Students encourage weekly vegetarian diet, says pledge is more than 'meats' eye
While 95 percent of Americans advocate for humane treatment of animals on farms, according to a study by the American Farm Bureau, a much smaller percentage of Americans are willing to act on their beliefs by cutting meat out of their lives, even for a day.
But Lizzie Krisch, a Humane League campus coordinator at Rutgers and a School of Environmental and Biological Sciences senior, is committed to persuading University students to adopt "Meatless Monday," a day of abstaining from eating meat every week.
Most pregnant mother pigs in the pork industry are confined to cages where there is not enough room to turn around for four months at a time, Krisch said. On top of this, the mother pigs are forced to breed for their entire lives.
“After learning about the mass suffering on industrial farms, I feel like it’s my moral obligation to speak out against it and let others know. The majority of students don’t endorse animal cruelty, and they should end their support of these large-scale farms,” she said.
The way animals raised for food are treated is atrocious, said Rachel Atcheson, director of Campus Outreach for The Humane League. Less than humane treatment of farm animals is usually not behavior many people endorse, but are indirectly roped into because of how society functions.
As an animal protection organization that focuses on large corporate campaigns and conducting vegetarian advocacy, The Humane League sponsors "Meatless Monday."
"Meatless Monday"'s website asks students and professors to join hundreds of other University students to sign the pledge to replace meat, chicken and fish with plant-based meals each Monday.
“Any student can choose to reduce their meat consumption ... (The Humane League is) working with dining services to add more vegan options to their cafeterias ... We want to spread awareness so that people can make informed decisions about their choices,” Atcheson said.
Ashley Rhinehart, a Food and Nutrition Manager for The Humane Society of the United States, quoting the Sierra Club, said if everyone decreased their meat consumption by 20 percent, it would be as if everyone switched from driving a sedan to driving a hybrid car.
In line with advocating for environmental and health benefits, The Department of Nutritional Sciences at the University released a newsletter in January 2015 promoting a meatless diet.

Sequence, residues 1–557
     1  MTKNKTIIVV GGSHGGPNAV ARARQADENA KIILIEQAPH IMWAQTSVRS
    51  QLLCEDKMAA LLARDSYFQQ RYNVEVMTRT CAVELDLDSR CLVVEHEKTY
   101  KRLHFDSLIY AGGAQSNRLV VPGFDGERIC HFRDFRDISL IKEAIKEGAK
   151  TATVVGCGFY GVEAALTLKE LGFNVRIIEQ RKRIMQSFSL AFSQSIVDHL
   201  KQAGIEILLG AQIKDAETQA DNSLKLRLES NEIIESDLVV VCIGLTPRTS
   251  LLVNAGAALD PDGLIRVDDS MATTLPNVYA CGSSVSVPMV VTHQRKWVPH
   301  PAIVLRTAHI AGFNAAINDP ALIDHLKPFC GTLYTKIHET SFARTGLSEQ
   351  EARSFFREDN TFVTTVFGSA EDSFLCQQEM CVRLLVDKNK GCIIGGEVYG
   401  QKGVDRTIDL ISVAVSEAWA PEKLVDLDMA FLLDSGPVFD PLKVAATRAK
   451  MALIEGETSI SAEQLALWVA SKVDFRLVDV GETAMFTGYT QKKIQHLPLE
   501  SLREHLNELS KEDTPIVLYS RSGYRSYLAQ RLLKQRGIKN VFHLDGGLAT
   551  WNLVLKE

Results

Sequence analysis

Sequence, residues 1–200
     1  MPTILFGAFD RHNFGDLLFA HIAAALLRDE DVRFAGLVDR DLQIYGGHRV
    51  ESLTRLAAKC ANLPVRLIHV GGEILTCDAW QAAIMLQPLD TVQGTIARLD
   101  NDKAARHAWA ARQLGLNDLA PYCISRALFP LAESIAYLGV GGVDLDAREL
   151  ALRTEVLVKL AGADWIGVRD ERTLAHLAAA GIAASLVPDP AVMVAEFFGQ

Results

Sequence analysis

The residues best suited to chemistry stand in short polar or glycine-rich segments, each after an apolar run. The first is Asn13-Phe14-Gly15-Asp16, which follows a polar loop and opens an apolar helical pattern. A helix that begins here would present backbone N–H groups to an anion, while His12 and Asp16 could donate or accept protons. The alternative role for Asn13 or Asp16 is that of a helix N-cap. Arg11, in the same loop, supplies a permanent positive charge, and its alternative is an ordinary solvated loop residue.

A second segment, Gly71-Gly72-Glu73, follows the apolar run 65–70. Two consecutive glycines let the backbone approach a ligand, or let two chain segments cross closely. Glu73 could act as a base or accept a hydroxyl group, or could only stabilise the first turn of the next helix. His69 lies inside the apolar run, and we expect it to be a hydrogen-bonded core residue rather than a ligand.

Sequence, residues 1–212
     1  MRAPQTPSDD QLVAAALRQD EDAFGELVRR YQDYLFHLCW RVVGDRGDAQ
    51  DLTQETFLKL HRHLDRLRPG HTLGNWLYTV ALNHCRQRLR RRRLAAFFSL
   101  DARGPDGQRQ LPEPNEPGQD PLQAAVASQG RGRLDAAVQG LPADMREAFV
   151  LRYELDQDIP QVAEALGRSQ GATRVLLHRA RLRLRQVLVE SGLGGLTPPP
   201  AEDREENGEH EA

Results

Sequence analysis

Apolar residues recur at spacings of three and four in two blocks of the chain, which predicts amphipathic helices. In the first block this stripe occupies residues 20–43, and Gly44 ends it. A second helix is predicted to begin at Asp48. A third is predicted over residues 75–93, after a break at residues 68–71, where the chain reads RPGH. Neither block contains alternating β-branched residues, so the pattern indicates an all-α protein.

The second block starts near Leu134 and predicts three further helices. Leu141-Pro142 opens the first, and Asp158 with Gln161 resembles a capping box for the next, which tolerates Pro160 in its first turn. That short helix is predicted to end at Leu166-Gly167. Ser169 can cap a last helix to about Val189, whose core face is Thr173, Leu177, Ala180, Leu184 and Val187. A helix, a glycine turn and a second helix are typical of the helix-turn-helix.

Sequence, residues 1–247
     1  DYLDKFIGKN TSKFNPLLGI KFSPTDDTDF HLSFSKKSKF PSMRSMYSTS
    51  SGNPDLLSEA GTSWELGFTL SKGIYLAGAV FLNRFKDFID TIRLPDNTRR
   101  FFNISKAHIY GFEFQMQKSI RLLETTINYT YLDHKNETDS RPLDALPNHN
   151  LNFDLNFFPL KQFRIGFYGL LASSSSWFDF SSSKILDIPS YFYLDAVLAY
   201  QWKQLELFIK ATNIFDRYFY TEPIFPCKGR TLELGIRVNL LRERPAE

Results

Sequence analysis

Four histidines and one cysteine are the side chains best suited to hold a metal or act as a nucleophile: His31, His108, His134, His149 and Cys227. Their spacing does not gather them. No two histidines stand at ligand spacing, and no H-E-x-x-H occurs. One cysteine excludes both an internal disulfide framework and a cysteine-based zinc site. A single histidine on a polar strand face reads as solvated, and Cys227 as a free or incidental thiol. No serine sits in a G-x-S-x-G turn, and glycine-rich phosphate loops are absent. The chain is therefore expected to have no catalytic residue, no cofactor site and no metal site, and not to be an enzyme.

According to the newsletter, cutting back consumption of meat minimizes the usage of valuable resources like fresh water and fossil fuel and going meatless just one day per week reduces the risk of chronic diseases such as cancer, heart disease and diabetes.
“The American Heart Association is saying we should eat more plant-based meals,” Rhinehart said. “Even Bill Clinton went vegan for his health when he was having multiple heart attacks, and he hasn’t had to go back to surgery since then.”
Vegetarian athletes include people like tennis player Venus Williams, NFL player David Carter and former boxer Mike Tyson, Rhinehart said.
Thousands of schools, hospitals and universities around the world — and even the Norwegian army — celebrate Meatless Monday or a similar weekly hiatus from meat, Rhinehart said.
University students, too, can get involved on campus.
Krisch said she gathers "Meatless Monday" pledges on campus, usually outside libraries or student centers.
As one of 20 campus coordinators throughout the country advocating for vegetarianism and veganism on college campuses, Krisch said there are many ways to spread the word on campus.
By handing out leaflets to as many students as possible, Krisch said campus coordinators collect "Meatless Monday" pledges. They also display posters around campus to have students order a Vegetarian Starter Guide, and they leave Vegetarian Starter Guides around campus in the hopes that interested students pick them up.
The Rutgers Vegetarian Society additionally hosts movie screenings and speaker events. So far, Krisch said the response has been "fantastic."
She realizes most students do not know where their food is coming from and she is trying to help educate as many people as possible.
“I care about this topic, because I’ve seen videos of animal cruelty on today’s factory farms and it’s appalling,” she said.
Going meatless, even for one day a week, saves animals, Krisch said. Each year, tens of billions of animals are slaughtered for their meat in the United States alone after being raised in factory farms.
“'Meatless Monday' is a great way to expand your palate and diversify your meals,” Krisch said. “The challenge is fun and you won't believe how easy it is until you try it.”